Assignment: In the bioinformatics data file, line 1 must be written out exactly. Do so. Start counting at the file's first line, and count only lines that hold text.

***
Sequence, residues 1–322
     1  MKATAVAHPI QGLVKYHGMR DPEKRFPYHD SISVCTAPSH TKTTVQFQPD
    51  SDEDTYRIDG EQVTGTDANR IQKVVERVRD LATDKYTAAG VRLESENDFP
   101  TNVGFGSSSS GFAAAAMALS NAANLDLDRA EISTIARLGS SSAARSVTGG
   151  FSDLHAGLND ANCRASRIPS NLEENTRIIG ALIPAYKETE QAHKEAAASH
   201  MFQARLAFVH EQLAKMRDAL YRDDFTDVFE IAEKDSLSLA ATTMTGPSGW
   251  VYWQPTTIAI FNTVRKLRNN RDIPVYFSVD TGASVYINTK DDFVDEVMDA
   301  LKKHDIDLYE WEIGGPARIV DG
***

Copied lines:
Sequence, residues 1–322